“Grandma?” Jason asks, unable to decipher Sean’s accent.
“Grindyma,” Sean corrects him.
“What the hell is a grindyma?”
“Don’t listen to him, Jason,” says Tim, the smallest member of the group. His Clark Kent glasses glint in the moonlight as he pushes them up for the hundredth time. “It’s just a stupid monster story.”
Jason reminds himself that if a skinny little glasses-wearing kid like Tim can win Sean and Richie’s respect, he can too. And he strongly suspects that this is the scene where the local kids try to scare the new kid in town. He’s been waiting for this challenge. If he proves himself tonight, he’ll be one of them.
“Nobody knows what she is,” says Sean. “But she’s real. I heard this guy found her a couple of years ago, when he was out catching horseshoe crabs all by himself, and she scared him so bad he lost his mind.”
“She’s like a giant lobster or something,” says Richie helpfully.
“She’s not a lobster, dipshit.” Sean throws these words around like punctuation marks, and the other boys flinch every time. Even Richie, who could probably flatten Sean’s face with a single punch, takes it without protesting.
Nonetheless, he insists, “my dad said she was sort of a dinosaur lobster. You know, some kind of missing link.” Richie, Jason realises, is not quite the troglodyte he appears to be. If he didn’t think he needed Sean’s permission for everything, he might be a halfway normal kid.
“Well, your dad oughta know about missing links, Richie. But I heard the guys talking about her one night, and nobody said anything about a lobster. They said she had fins. And eyes, great big ones like a fish.”
Jason almost bursts out laughing. A fishing and lobstering town has a fish-lobster monster, of course. Could these kids be any more predictable? If this is what they think will scare him, this is going to be a piece of cake. He’ll be part of the gang in no time. Then he can start thinking about other things, like taking Sean’s place as the leader of the group. It shouldn’t be too hard. All Sean has going for him, as far as Jason can see, is his father’s prestige.
Sean looks at Jason’s feet and sneers. “Jesus, kid. Don’t you have any boots?”
Jason looks at the two bigger boys. They are wearing knee-high rubber boots, the same kind their fathers wear on the boats. Of course he doesn’t have any fishing boots. What kind of kid has fishing boots? Lobstermen’s kids, of course. Tim has them, too.
“I’ll be all right.” He can stand getting wet. All he has to do is keep cool.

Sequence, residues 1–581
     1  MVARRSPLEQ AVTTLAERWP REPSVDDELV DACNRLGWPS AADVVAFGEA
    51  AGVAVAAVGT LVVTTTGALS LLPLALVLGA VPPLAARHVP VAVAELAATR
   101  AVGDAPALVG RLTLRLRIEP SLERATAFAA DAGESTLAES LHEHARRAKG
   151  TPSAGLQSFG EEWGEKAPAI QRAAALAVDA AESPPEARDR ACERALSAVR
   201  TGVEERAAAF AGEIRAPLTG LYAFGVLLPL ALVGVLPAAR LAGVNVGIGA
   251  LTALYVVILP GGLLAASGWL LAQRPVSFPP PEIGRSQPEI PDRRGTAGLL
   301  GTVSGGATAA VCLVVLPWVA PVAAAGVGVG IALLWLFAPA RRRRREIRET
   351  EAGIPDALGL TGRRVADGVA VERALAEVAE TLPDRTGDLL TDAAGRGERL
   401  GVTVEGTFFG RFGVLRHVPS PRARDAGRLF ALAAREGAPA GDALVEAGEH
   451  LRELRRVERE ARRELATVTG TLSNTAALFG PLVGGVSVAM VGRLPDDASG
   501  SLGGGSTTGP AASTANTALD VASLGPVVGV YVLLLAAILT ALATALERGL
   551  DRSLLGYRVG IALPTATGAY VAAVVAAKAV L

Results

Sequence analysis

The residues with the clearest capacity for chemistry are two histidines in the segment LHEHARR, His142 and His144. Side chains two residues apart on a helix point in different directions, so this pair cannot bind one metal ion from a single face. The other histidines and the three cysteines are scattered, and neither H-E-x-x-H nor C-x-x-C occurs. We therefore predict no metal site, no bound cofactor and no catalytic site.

Sean shrugs as if he could hardly care less, and asks, “you tell anybody where you were going?”
“Of course not. You think my dad would let me come out here in the middle of the night?”
“Okay. Let’s go.” Sean and Richie walk onto the mud.
“You’re gonna get all wet,” Tim warns him.
He’s right. The mud is softer than Jason thought. After four steps, his feet are sinking straight into the black muck, past the tops of his hiking boots. Pulling his feet out is an ordeal.
“I’ll be all right.” He has to be.
They stop occasionally for him to catch up. He’s panting, and his jeans are covered in mud. They walk on, navigating between the clumps of reeds, the ground even squishier now. Jason is the only one who doesn’t know what this means.
After what seems like an hour but is probably only a few minutes, he sinks into the mud almost to his waist. “He - hold up!” he calls out, trying to make it sound casual. I’m not asking for help, he reminds himself. Lobstermen’s kids don’t ask each other for help.
Sean and Richie, leading the little group, look back and laugh.
“Look at him!”
Tim gives Sean a look of disgust. “Don’t be an asshole, Sean.” He comes back and holds out a hand to Jason. “Come on, kid. You gotta watch for those sinkholes.”
“What are they?” Jason pants when he is free.
“I dunno, just soft spots I guess. Come on, they’re almost there already.”
“Thanks, Tim. Tell me, is Sean always such a dick?” Jason knows that Tim, the other new kid - his family has only lived in Edgewater for a year - is the best person to start making allies with.
Tim nods, looking at the moon distractedly. “Yeah, kind of, but he’s all right if you know how to get him to leave you alone.”
This is a good sign, Jason thinks. He wonders how Tim did it.
Before the slow-moving water enters the sea, there is a brief muddy plain bounded by a rock wall about ten feet high. The mud here is even softer than before, but after a minute they make it to the rocks. Jason climbs up, almost collapsing as soon as he is out of that sticky, grasping mud. The rocks are covered with sharp-pointed little snails and what seem to be barnacles, but he pretends he is comfortable.
The waves pound against the other side of the rocks, spraying them occasionally.
The moon is starting to climb into the sky.
Sean, looking entirely at home perched on the rocks, asks Tim if he brought any smokes. Tim fishes in his pockets and brings out a crumpled pack of Newports stolen from some kitchen counter.
With a worried look, he says, “the moon’s coming up, Sean. Shouldn’t we start looking for the hole?”